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Rash of angels breaks out across the UK

23 December 2020

St John’s, Wellington

Angels of Hope outside St John’s, Wellington

Angels of Hope outside St John’s, Wellington

FLIGHTS of angels have appeared across the country as churches offer messages of hope after a year of crisis.

They have adapted the traditional image of angels into different forms, ranging from human-size figures to knitted versions and graffiti — all drawing on the nativity story in which angels brought “good tidings of great joy” to the shepherds.

In the Wellington and District Team Ministry, in Somerset, the Pioneer Curate, the Revd Richard Kelley, crowd-funded Angels of Hope: a project to install 120 illuminated angels around the town. Schoolchildren made lavender-bag angels and cards, which were taken to care-home residents. A Team Vicar, the Revd Selina Garner, also awarded an Angel Prize every day in December, for someone doing good works in the community.

#angelsoverhoxtonAngel wings in Hoxton, in London

Mr Kelley said: “Congregation members have found this year as hard as everyone else. This is a reminder that their church community is still there, able to work with God to reveal the light in the darkness, both to themselves and to others.

“For the community at large, this is an offer of hope through a gift of light-hearted joy. The churchyard at St John’s [Wellington] is filled every evening with families taking photos and children playing amongst the angels.”

In Atherton, Greater Manchester, St Philip’s C of E Primary School joined four congregations to make 800 paper angels, which have filled the church, and more than 100 knitted angels, which were given to care homes near by. “I’m super-thankful to the creativity of a small group who turned an idea into something incredible,” the Team Vicar of Atherton and Hindsford with Howe Bridge, the Revd Tracy Marshall, said.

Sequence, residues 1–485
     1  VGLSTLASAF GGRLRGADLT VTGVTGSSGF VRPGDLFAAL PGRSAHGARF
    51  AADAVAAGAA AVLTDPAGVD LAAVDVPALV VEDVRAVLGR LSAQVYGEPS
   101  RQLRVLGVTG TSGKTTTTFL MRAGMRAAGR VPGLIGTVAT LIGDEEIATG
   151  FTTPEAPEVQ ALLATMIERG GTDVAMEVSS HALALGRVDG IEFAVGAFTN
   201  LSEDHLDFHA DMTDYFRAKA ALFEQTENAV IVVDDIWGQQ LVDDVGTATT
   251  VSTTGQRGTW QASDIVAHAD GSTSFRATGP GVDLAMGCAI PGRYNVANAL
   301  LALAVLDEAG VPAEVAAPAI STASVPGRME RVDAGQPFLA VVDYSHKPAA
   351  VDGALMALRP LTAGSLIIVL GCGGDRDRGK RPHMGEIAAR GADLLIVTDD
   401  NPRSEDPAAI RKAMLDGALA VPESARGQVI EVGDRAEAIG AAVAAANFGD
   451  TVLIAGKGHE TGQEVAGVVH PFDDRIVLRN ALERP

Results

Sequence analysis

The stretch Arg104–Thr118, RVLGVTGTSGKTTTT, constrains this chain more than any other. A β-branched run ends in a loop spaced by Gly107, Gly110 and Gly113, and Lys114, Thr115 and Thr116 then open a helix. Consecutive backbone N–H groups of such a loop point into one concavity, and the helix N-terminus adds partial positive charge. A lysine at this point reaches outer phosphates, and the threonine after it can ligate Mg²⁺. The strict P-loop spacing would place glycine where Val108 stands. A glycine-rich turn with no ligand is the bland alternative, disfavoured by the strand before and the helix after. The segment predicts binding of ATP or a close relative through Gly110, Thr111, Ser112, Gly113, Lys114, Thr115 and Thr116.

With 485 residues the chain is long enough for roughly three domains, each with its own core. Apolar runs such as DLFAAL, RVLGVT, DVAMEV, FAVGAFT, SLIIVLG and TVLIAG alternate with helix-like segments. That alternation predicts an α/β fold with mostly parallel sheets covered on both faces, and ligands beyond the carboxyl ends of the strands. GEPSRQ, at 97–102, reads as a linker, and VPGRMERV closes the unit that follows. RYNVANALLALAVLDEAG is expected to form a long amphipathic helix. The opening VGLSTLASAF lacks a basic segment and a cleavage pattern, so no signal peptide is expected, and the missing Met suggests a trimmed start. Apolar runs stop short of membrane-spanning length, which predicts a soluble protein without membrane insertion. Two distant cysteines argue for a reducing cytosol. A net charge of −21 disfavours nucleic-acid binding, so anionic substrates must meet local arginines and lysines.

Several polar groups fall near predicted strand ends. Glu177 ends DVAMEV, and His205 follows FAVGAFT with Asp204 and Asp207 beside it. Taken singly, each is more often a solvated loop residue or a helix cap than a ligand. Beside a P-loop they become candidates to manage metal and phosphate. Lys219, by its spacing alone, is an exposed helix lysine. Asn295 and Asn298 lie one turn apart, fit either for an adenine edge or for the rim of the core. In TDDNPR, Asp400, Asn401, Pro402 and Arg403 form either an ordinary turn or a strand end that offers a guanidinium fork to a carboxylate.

In London, St Anne’s, Hoxton, teamed up with Grace Church Hackney, which meets in the same building, to launch an “angel-bombing” of the district, encouraging people to place angelic figures anywhere they could.

More than 1000 angels have appeared: spray-chalk stencils in alleyways; wooden cut-outs in doorways, tied to lamp posts, or tucked between railings; and drawings on windows. One of the first, reflecting an aspect of inner-city life, was placed over a bullet hole in a shop front next to St Anne’s, where there had been a shooting days before.

#angelsoverhoxtonOne of the small wooden angels spread around Hoxton streets

People have also posed for pictures in front of a pair of golden wings outside the church. An Instagram account, @angelsoverhoxton, gathered more than 500 followers in its first week, and the project has attracted international attention — even inspiring an Indonesian version: “Angels over Jakarta”.

“It’s been wonderful to see families and friends walking around the streets on ‘angel hunts’, spotting small angels tucked in nooks and crannies,” the Vicar of St Anne’s, the Revd Ben Bell, said. “The hope embedded in the Christmas story is found not in the warm glow of fancy places, but in a manger out the back of a Premier — we assume — Inn.

“To be deprived of the opportunity to belt out a mulled-wine-infused rendition of ‘Hark! the herald’ is obviously devastating, but perhaps this year we are afforded the opportunity to heed these words, ‘Hark! the herald angels sing’.”

The Minister-in-Charge of Grace Church Hackney, the Revd Andrew Jones, said: “Understandably, there is a lot of fear around at the moment. The Hoxton angels help us not to be afraid. They remind us that God in Jesus Christ has lived among us, and is with us”.

In a similar project earlier this year, volunteers decorated Ripon Cathedral, in North Yorkshire, with 10,000 origami angels as a way of showing support for the community through the coronavirus pandemic. Many included prayers sent in online.

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